Acts 23 My Thoughts

In Bible Study this week we were discussing the first part of Acts 23. Being that it is a group of people from various denominational backgrounds I chose to not cause division but as someone who is searching and looking for answers and has a foothold in the Messianic/Hebrew Roots movement somethings I read made me think......hmmmm. My commentary in RED!

Acts 23

Amplified Bible (AMP)
Then Paul, gazing earnestly at the council (Sanhedrin), said, Brethren, I have lived before God, doing my duty with a perfectly good conscience until this very day [as a citizen, a true and loyal Jew].

Paul called his accusers Brethren
At this the high priest Ananias ordered those who stood near him to strike him on the mouth.
Then Paul said to him, God is about to strike you, you whitewashed wall! Do you sit as a judge to try me in accordance with the Law, and yet in defiance of the Law you order me to be struck?
Those who stood near exclaimed, Do you rail at and insult the high priest of God?
And Paul said, I was not conscious, brethren, that he was a high priest; for the Scripture says, You shall not speak ill of a ruler of your people.
This is the part that confused me! IF the law was completely done away with on the cross why then is Paul quoting it as Scripture AND as a law to be observed?

Also does this apply to us when we talk about our leaders who we know are only in place because God allows it? Are we not to speak ill of them?

But Paul, when he perceived that one part of them were Sadducees and the other part Pharisees, cried out to the council (Sanhedrin), Brethren, I am a Pharisee, a son of Pharisees; it is with regard to the hope and the resurrection of the dead that I am indicted and being judged.
So when he had said this, an angry dispute arose between the Pharisees and the Sadducees; and the whole [crowded] assemblage was divided [into two factions].
For the Sadducees hold that there is no resurrection, nor angel nor spirit, but the Pharisees declare openly and speak out freely, acknowledging [their belief in] them both.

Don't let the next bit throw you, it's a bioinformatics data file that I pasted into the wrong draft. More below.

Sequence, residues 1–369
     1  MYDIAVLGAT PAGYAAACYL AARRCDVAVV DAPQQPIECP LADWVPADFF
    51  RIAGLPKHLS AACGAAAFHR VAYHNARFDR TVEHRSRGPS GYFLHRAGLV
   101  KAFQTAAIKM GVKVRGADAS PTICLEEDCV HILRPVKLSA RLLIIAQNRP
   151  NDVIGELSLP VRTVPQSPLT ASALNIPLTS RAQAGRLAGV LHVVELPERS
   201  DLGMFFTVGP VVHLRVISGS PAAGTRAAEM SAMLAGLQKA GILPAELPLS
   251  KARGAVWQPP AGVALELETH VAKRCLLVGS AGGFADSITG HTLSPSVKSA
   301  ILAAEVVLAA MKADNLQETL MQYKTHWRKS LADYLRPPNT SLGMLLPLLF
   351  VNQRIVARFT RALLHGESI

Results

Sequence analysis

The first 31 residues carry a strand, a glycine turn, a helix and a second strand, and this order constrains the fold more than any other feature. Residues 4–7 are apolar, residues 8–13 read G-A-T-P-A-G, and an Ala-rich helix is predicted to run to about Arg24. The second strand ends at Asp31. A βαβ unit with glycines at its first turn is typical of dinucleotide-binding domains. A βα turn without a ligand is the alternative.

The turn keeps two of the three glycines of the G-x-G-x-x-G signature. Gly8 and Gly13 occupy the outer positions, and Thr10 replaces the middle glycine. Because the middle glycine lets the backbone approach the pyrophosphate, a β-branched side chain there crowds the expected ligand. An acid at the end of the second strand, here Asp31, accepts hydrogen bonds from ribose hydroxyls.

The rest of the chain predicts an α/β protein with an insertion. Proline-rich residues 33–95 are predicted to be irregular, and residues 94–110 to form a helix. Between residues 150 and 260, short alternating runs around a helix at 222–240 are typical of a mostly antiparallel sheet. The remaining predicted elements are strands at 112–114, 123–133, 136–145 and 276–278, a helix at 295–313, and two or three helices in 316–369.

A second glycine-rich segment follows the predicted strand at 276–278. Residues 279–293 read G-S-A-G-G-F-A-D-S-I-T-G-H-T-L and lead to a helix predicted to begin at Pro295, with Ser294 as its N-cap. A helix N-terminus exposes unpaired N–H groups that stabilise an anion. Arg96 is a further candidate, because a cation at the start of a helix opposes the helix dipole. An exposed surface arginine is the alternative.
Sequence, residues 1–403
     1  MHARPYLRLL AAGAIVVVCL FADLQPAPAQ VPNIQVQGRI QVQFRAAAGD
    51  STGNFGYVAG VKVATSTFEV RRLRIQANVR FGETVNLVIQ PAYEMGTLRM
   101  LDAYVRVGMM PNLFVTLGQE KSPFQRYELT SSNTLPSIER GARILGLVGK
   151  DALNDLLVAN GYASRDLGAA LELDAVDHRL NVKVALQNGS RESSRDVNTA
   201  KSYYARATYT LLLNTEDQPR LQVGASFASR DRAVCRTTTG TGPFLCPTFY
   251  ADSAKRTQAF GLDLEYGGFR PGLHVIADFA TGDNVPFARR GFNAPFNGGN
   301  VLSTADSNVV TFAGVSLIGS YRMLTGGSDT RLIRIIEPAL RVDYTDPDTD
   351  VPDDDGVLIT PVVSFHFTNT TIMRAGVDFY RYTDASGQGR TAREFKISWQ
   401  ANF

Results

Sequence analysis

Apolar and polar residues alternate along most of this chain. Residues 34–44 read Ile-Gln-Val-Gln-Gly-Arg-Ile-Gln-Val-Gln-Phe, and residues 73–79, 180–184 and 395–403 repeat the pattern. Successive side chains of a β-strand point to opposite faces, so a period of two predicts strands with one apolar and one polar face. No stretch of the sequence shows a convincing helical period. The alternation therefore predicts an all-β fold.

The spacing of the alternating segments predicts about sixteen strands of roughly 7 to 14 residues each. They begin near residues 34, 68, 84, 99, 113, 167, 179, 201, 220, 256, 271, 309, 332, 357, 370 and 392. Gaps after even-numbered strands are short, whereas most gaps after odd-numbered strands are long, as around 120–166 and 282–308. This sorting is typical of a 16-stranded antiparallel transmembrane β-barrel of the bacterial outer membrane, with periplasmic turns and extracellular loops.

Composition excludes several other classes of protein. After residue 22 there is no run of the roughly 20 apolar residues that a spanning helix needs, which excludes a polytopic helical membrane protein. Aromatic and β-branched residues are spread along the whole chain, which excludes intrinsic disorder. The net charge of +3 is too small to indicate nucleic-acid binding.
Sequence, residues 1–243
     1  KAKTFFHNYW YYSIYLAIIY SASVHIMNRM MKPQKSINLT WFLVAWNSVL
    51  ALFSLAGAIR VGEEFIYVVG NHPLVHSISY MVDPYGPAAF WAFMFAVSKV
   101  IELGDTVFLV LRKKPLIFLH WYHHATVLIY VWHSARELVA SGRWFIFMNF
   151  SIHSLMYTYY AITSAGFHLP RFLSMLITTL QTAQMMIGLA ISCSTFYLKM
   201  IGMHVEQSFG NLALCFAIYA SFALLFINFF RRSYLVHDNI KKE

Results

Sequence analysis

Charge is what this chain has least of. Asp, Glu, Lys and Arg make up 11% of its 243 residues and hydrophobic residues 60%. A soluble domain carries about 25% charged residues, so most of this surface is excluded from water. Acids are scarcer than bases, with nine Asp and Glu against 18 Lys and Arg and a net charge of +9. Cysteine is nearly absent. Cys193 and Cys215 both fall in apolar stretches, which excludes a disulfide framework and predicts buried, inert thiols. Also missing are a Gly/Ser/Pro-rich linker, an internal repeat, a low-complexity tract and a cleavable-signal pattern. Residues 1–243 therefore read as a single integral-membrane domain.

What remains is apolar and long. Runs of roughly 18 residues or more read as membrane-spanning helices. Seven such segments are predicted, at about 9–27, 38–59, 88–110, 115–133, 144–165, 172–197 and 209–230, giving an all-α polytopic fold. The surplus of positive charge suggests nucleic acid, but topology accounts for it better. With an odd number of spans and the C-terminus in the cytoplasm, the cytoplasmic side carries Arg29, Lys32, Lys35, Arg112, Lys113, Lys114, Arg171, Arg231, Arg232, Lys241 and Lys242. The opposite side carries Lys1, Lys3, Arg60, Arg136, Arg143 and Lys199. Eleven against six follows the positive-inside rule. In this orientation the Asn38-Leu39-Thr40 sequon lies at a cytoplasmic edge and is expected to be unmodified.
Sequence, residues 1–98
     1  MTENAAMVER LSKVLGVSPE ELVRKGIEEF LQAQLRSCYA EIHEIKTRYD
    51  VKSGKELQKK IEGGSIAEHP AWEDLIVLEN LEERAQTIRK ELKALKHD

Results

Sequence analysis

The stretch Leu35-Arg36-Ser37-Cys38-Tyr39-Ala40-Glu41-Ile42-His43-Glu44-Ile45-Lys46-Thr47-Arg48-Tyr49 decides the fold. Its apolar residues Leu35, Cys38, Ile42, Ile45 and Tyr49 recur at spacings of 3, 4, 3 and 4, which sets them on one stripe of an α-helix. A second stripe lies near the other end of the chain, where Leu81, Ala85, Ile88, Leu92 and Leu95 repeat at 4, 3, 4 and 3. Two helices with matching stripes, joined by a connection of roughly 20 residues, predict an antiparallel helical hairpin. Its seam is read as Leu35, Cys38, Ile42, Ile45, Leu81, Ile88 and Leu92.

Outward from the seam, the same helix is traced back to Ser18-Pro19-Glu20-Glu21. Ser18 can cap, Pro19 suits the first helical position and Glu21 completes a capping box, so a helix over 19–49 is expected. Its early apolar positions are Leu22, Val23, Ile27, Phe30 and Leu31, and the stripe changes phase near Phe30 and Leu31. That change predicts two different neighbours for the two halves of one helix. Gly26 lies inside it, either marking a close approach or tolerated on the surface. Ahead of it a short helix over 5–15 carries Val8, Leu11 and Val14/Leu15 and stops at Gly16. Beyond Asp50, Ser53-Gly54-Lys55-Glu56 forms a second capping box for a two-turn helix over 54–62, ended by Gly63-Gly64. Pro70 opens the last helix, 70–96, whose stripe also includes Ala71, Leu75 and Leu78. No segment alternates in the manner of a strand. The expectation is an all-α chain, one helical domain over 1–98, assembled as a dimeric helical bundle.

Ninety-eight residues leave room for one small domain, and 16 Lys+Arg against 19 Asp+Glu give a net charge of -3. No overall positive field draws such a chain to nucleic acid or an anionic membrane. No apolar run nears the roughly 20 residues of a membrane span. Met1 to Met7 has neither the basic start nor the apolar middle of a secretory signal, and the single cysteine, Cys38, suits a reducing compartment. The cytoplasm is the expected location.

Then a great uproar ensued, and some of the scribes of the Pharisees’ party stood up and thoroughly fought the case, [contending fiercely] and declaring, We find nothing evil or wrong in this man. But if a spirit or an angel [really] spoke to him—? Let us not fight against God!
10 And when the strife became more and more tense and violent, the commandant, fearing that Paul would be torn in pieces by them, ordered the troops to go down and take him forcibly from among them and conduct him back into the barracks.
11 And [that same] following night the Lord stood beside Paul and said, Take courage, Paul, for as you have borne faithful witness concerning Me at Jerusalem, so you must also bear witness at Rome.
12 Now when daylight came, the Jews formed a plot and bound themselves by an oath and under a curse neither to eat nor drink till they had done away with Paul.
13 There were more than forty [men of them], who formed this conspiracy [swearing together this oath and curse].
14 And they went to the chief priests and elders, saying, We have strictly bound ourselves by an oath and under a curse not to taste any food until we have slain Paul.
15 So now you, along with the council (Sanhedrin), give notice to the commandant to bring [Paul] down to you, as if you were going to investigate his case more accurately. But we [ourselves] are ready to slay him before he comes near.
16 But the son of Paul’s sister heard of their intended attack, and he went and got into the barracks and told Paul.

Paul's nephew was the one who reported to the Centurion and the commandant. I had never noticed this before
17 Then Paul, calling in one of the centurions, said, Take this young man to the commandant, for he has something to report to him.
18 So he took him and conducted him to the commandant and said, Paul the prisoner called me to him and requested me to conduct this young man to you, for he has something to report to you.